The Diagnostic and Statistical Manual of Mental Disorders is published by the American Psychiatric Society as a classification and diagnostic tool for mental health professionals. The fifth edition, known as the DSM-5, was published in 2013 after a long period of research, consultation and some controversy. It is one of the potential reference tools used…
Think hard before taking it to the next level. ymgerman/Shutterstock.com Gamers are increasingly turning to brain stimulation devices to enhance their performance. Using small, gentle electrical currents sent between two or more electrodes placed on a person’s head, these transcranial direct current stimulation (tDCS) devices manipulate brain cells’ activity. But there is little regulation governing…
Use of physical restraint in detention settings is outmoded, according to a leading expert, and amounts to a physical assault that would be unacceptable in any other setting.
In our modern world, the internet has become an integral part of our daily lives, enabling us to be more connected and efficient than ever before. But our move online has also resulted in the serious and growing global phenomenon of internet addiction.
The risk of violence against women is usually higher in cultures that reinforce male superiority
Blended families are more common than ever but creating harmony at home isn’t always easy. Here’s what parents can do to help boost family togetherness.
Dominance and control through many forms of abuse is an unfortunately common and destructive force in many relationships.
In high-risk occupations, leaders can protect the health of their staff by promoting certain behaviours like getting enough sleep, dealing with grief or talking up about stress.
Helping children to deal with worries and stress will help them grow into resilient adults.
Many professions - paramedics, police, firefighters - involve helping people in traumatic circumstances but witnessing trauma has its own effects that can haunt people for life.
The death of a brother or sister during the teenage years can affect how young people develop independence, romantic relationships and even career paths.
Ageism is rife but negative perceptions of older people are not just restricted to the young – research shows older people can also hold bias about ageing which can impair their mental and physical health and enjoyment of life.
Most people don’t join violent extremist groups for ideological reasons. Instead, they join for social reasons – with someone they know, to connect with other people or to find a sense of purpose.
Helping swimmers struggling with anxiety or poor performance, building team dynamics and minimising distractions in the athletes’ village are all in a day's work for sports psychologist Georgia Ridler at the Olympics.
Training the mind is the difference between winning gold and failing to qualify in Rio.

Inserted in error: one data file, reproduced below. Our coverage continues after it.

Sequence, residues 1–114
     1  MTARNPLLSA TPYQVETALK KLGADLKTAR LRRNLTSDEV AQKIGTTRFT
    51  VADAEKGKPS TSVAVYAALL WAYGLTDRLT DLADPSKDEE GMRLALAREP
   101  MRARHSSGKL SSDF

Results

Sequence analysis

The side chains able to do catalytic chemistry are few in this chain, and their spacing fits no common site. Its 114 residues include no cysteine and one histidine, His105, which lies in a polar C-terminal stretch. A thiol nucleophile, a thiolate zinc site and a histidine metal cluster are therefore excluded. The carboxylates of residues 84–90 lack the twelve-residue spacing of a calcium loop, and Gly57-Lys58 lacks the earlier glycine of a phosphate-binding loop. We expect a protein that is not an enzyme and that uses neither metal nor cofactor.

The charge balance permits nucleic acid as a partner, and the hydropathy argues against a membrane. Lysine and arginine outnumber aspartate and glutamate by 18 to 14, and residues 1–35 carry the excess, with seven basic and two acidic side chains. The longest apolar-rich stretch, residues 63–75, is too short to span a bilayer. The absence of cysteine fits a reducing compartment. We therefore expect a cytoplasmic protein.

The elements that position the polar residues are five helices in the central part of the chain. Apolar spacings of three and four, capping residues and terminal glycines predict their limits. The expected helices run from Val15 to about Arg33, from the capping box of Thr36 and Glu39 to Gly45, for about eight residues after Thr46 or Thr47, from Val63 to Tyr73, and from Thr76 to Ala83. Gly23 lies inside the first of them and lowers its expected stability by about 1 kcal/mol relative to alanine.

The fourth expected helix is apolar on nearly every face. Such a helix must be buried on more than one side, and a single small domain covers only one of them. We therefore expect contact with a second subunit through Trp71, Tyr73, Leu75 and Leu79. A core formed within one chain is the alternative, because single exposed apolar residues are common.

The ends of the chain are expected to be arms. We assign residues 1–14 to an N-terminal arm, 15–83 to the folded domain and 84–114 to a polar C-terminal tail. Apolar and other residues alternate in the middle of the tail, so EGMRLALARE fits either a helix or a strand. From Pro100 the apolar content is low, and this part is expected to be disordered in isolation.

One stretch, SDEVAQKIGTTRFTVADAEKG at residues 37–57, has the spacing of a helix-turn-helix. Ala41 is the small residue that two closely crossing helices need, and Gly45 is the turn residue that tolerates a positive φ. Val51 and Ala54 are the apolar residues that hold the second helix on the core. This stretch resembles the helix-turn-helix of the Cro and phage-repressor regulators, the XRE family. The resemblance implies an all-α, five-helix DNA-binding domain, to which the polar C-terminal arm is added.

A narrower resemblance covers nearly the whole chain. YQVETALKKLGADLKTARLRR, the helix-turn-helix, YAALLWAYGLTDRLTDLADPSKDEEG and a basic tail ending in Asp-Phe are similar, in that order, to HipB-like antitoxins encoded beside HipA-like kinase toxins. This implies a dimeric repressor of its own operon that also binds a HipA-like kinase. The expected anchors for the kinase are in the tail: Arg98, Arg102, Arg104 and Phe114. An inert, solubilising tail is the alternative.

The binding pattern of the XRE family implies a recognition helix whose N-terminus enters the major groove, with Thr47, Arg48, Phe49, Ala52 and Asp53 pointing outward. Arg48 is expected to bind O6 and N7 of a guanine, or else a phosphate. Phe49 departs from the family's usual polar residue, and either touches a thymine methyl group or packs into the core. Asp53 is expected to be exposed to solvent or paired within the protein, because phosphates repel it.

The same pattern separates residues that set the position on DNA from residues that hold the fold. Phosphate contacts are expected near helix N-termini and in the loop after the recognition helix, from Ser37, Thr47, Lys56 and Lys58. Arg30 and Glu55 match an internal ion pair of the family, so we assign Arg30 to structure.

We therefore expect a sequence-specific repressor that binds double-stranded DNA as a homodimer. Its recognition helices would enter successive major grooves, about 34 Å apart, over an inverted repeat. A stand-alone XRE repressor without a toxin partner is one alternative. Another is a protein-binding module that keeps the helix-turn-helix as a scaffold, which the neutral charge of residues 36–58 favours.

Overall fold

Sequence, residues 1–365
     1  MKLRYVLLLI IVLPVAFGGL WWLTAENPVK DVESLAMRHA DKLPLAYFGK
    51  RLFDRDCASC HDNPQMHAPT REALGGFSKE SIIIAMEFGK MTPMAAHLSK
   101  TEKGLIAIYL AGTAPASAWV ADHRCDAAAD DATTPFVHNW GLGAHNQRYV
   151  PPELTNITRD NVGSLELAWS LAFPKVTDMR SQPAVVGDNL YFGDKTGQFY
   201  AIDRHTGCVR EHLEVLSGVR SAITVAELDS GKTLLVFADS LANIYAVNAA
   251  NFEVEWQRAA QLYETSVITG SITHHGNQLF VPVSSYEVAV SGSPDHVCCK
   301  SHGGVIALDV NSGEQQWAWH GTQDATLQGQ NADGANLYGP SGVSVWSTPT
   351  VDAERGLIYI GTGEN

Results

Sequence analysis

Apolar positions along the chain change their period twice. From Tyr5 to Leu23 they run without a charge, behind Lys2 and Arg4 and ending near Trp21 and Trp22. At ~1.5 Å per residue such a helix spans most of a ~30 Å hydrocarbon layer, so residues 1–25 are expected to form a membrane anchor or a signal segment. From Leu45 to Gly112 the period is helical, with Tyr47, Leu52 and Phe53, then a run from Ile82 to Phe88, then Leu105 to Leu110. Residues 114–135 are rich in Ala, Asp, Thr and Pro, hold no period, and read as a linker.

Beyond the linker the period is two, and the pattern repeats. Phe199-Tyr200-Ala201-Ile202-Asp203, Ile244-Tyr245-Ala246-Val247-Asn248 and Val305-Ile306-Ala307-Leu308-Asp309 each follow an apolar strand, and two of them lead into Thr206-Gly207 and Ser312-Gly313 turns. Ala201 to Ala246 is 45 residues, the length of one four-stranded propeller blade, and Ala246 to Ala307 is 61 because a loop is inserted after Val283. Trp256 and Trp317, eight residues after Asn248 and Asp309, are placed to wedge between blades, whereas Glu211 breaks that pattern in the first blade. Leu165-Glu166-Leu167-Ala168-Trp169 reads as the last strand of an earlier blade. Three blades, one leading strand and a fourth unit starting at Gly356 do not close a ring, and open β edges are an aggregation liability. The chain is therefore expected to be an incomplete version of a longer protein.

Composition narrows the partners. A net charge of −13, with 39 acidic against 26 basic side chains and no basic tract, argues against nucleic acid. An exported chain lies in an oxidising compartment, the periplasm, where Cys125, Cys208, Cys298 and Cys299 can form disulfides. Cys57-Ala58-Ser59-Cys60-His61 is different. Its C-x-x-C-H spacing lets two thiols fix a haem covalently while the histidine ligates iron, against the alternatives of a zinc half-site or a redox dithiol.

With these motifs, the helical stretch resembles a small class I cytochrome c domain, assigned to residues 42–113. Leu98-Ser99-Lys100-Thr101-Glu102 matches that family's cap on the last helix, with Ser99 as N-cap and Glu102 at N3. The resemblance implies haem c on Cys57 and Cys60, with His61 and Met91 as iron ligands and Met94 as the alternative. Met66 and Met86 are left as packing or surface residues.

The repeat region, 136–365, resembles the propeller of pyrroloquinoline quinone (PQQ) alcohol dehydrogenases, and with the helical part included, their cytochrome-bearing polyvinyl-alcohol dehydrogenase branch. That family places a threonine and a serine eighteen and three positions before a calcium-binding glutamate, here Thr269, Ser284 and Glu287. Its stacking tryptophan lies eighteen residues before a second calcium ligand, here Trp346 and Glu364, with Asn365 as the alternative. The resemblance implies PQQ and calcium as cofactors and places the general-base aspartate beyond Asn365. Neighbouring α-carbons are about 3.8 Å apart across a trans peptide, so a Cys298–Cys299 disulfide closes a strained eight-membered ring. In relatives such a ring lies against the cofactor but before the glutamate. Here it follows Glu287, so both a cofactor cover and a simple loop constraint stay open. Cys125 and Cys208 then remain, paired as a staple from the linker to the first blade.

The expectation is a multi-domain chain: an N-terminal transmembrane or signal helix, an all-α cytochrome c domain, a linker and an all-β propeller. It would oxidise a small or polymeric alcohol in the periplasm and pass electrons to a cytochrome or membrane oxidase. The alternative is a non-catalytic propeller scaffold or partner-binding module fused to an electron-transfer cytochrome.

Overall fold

Striving for precision may seem like a desirable trait, but research suggests extreme perfectionism is a risk factor for depression, anxiety and eating disorders.
Living with family violence affects how children see themselves and the world around them, leading to a raft of negative consequences.
Obsessive compulsive disorder (OCD) is a serious but treatable mental disorder that affects more than half a million Australians.
A focus on people's strengths not just symptoms or challenges is helping people with mental disorders achieve a better quality of life and avoid being defined by their condition.
Identifying children with autism early - before age two - is possible and greatly improves their opportunities for development.
Infidelity is everywhere we look and before marriage most people say a cheating partner is a deal breaker. However, many couples later realise that relationships damaged by infidelity can recover.
Abuse can happen to anyone, but recognising the difference between devotion and control can help to identify a potentially harmful situation before you’re in too deep.
The same strategies that help elite performers overcome anxiety and stage fright can help you perform at your peak every day.
Children love playing sport – but not always for the reasons you expect. Help create a happy playing field with these tips for amateur coaches.
Psychological support can help people with diabetes overcome the fears and challenges often associated with this chronic health condition.
Learning to handle stress in healthy ways is very important. Fortunately, it is easy to learn simple techniques that help. These include recognising and changing the behaviour that contributes to stress, as well as techniques for reducing stress. The following tips can help you look after your mind and body, and reduce stress and its…
Creating associations between food and emotions is easily done but can set up children for a lifetime of unhealthy eating.